Cuomo, Bloomberg partner up on coronavirus contact tracing program

REUTERS/Paresh Dave

Working with two other states and the former mayor of New York City, the Empire State is launching a new pilot program aimed at tracing the contacts of people who contract coronavirus, Governor Andrew Cuomo announced Thursday.

“We know increasing our testing capacity is the key to re-opening New York, and the second step after testing is tracing to find out who tested positive, who they contacted and then isolate those people so you don’t increase the rate of infection,” Cuomo said during his daily novel coronavirus briefing in Albany, where he was joined remotely by Mayor Bill de Blasio and former Mayor Michael Bloomberg. “Tracing is not hard on an individual basis — the problem is the massive scale and with an operation that has never existed before.”

Bloomberg said that the City University of New York and the State University of New York would help find potential applicants for the contract tracer jobs and that Johns Hopkins Bloomberg School of Public Health would help recruit, interview and train contract tracers with an online curriculum.

“One of the most important steps to take to re-open the economy as safely as possible is to create a system of contact tracing,” Bloomberg said. “When social distancing is relaxed, contact tracing is our best hope for isolating the virus when it appears — and keeping it isolated.”

There will be at least 30 contact tracers for every 100,000 people, according to the governor’s office.  The program is expected to have 6,400 to 17,000 tracers statewide depending on the projected number of cases.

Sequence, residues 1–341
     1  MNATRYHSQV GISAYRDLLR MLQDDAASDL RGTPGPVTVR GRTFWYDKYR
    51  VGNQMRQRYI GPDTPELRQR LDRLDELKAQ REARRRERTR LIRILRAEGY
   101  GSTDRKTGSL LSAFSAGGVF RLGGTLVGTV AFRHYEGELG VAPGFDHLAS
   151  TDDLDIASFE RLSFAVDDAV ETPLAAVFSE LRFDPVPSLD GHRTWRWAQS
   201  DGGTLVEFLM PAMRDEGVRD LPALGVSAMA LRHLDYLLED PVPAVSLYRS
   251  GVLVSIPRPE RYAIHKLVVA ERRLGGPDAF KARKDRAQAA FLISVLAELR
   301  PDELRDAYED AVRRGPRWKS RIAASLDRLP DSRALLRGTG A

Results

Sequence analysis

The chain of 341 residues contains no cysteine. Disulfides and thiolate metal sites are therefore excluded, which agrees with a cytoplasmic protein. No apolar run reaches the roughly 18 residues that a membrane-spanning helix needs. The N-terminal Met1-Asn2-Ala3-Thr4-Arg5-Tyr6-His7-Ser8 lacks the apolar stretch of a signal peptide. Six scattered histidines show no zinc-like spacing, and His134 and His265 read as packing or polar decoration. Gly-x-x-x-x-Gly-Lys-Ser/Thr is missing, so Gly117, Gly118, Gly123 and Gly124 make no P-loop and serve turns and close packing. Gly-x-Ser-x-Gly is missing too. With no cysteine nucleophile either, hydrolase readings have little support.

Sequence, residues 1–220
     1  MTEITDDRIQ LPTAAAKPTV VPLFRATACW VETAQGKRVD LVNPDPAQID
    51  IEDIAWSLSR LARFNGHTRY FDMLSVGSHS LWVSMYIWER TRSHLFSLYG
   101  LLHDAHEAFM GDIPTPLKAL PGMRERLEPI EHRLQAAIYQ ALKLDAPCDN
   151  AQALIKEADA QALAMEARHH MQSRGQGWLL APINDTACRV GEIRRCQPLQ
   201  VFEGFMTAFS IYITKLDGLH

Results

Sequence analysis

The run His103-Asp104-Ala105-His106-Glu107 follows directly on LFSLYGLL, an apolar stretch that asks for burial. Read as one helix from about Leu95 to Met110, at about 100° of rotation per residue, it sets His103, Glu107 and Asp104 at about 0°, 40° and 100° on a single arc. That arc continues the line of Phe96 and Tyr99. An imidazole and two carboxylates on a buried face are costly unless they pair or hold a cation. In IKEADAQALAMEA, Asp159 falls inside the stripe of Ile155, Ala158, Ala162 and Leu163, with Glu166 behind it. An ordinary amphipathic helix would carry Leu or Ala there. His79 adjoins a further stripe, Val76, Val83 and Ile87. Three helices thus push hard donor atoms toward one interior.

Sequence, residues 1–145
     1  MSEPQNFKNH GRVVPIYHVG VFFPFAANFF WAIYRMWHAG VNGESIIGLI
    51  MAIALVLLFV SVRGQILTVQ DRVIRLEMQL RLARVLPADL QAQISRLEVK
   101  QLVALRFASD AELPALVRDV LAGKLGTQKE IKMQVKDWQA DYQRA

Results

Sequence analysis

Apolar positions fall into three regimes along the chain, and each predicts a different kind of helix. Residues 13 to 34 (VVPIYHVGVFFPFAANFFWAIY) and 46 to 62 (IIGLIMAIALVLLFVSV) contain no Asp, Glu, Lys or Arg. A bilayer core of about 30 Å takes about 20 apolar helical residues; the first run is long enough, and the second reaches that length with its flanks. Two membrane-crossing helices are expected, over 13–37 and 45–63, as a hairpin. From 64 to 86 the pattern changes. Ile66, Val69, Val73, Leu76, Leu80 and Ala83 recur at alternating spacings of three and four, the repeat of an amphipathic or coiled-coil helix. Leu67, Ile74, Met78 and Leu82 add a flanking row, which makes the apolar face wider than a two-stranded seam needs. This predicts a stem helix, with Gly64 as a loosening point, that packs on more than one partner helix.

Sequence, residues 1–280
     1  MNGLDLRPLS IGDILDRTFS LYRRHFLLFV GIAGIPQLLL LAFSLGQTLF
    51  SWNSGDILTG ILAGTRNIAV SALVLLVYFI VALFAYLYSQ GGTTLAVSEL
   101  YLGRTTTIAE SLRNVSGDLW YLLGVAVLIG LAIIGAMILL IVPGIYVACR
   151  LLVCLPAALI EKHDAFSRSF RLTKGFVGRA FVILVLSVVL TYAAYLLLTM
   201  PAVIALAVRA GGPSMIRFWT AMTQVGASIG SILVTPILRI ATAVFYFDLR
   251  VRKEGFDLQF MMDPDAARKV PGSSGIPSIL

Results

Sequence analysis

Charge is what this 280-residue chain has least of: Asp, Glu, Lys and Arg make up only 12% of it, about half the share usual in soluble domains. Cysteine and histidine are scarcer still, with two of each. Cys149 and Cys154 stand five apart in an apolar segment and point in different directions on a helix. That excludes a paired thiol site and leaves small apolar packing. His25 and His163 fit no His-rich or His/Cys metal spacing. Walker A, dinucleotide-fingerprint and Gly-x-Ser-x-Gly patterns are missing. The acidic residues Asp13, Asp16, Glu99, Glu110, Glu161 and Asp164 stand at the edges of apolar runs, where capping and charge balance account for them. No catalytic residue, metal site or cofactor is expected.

Contact tracing will help mitigate the spread of the novel coronavirus in four steps, according to the governor’s office. First, labs will report positive cases of the virus to contact tracers every day. The contact tracer will then interview the positive patient to identify people they may have been in contact with over the past 14 days.

The contact tracer will then notify and interview each contact to alert them to their risk of infection and instruct those contacts to quarantine or isolate for 14 days to be sure they don’t spread the novel coronavirus to others. Tracers will then monitor contacts by text throughout the duration of their quarantine or isolation to see if the contacts are showing any symptoms.

Cuomo said the program will operate through the next flu season and be implemented in coordination with New Jersey and Connecticut.

The current New York City mayor, Bill de Blasio, said he’s supportive of the tracing program, and the city’s eager to participate.

“Contact tracing, the test and trace approach, is going to change everything,” de Blasio said. “New York City is hiring 1,000 contact tracers with healthcare background to super charge this effort. I think we are going to be able to show this country a model that’s going to be extraordinarily effective in beating back this disease.”

This story first appeared on amny.com.

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